I ride, and train, all of my horses in a simple Eggbutt Snaffle. I've ridden TWH, MFT, and a QH all in my one, simple, copper mouthpiece snaffle.
Shank bits work on the principle of leverage. In my opinion, 99% of horses worked in a shanked mouthpiece are working in a bit that is far too much for the horse. I recently rode a green MFT in a shanked, ported bit. At the slightest touch of the reins (asking to whoa, very light handed) he reared. Why? The supposed 'patient owner/trainer' had spent the last two hours with his hands in his mouth, cranking on that shanked bit until the horse was gaping. I didn't have the nerve to do such a thing to the poor horse, so when I lightly
asked him to whoa, he whoa'd, with only two feet on the ground.
I prefer the Snaffle bit because it's lightweight and sits nicely in the mouth. It's perfect for working green, or trained-but-not-finished horses. Great for trail horses, if you need to put a little pressure on your mount you can without it going up-up-and backwards because holy **** what is that horrendous thing in my mouth
If I need to whoa
with a little more force, or do an emergency one-reined stop, I'm not jamming a buttload of pressure into my horses mouth due to shanks + a port. You simply cannot direct rein in a leverage bit without causing the horse extreme discomfort. A snaffle is meant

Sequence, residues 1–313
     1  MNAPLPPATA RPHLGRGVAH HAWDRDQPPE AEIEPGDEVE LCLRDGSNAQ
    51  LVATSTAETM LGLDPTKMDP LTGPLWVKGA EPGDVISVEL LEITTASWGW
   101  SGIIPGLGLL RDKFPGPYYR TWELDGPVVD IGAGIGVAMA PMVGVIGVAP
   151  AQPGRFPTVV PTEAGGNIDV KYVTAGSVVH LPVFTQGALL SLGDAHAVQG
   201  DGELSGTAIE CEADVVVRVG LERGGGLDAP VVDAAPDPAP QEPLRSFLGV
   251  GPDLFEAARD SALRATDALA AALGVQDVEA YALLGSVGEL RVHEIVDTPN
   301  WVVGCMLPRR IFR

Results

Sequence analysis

for direct reining.
In my opinion, the shanked bit should be left to the professionals in the advanced show ring. It looks pretty on a horse and conveys subtle rein cues better than a snaffle bit.
This site has a great article on bits: Bits and their Proper Use
The pivot point to where the reins are attached at the end of the long shank
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The pivot point to where the curb chain is attached at the end of the short shank
A curb with a 5" rein shank and a 1" curb shank will generate a force ratio of 5:1. Thus a 20 lb. pull on the rein will result in 100 lbs. of pressure being developed by the curb's "vise grip" onto the horse's jaw.
The 'gaited horse bit' is a bunch of BS. It's for people who are scared of their horses, henceforth get a nasty shank-n'-crank bit, and want a 'uberpurdyheadset'. If your horse doesn't arch and collect in a gait naturally, you have a lot more training to do. Gaited Horse Bits are like the Rollkur of the gaited world. Unnecessary and improperly used.